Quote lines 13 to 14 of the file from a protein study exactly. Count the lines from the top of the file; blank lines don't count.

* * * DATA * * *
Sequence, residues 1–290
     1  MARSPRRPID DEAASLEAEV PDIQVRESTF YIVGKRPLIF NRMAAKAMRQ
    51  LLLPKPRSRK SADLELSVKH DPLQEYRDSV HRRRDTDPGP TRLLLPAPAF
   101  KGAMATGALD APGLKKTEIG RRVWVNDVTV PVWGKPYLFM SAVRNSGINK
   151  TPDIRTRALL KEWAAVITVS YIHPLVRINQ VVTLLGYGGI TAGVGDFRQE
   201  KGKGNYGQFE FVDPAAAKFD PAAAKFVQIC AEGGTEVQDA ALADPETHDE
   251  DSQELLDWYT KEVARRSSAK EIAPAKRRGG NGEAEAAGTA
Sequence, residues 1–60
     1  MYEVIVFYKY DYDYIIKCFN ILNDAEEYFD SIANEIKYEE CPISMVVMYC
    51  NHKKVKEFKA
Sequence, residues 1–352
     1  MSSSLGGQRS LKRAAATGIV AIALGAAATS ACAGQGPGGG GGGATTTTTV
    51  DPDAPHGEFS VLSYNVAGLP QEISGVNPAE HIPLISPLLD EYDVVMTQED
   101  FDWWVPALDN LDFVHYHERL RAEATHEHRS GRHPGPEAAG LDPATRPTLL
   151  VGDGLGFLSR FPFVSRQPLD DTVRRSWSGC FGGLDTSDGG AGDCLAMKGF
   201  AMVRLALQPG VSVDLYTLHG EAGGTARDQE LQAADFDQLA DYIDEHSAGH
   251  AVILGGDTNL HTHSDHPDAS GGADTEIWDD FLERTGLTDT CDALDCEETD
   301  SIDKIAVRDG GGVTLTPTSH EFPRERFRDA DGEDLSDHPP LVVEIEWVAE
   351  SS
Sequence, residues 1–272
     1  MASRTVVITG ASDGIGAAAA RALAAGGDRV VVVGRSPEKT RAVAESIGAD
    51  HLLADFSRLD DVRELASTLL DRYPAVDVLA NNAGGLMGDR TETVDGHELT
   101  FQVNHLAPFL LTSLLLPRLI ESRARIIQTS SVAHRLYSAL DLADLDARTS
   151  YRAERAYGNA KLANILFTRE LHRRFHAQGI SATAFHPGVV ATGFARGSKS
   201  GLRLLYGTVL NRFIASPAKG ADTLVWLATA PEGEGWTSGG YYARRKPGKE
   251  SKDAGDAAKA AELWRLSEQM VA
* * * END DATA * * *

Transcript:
    51  DPDAPHGEFS VLSYNVAGLP QEISGVNPAE HIPLISPLLD EYDVVMTQED
   101  FDWWVPALDN LDFVHYHERL RAEATHEHRS GRHPGPEAAG LDPATRPTLL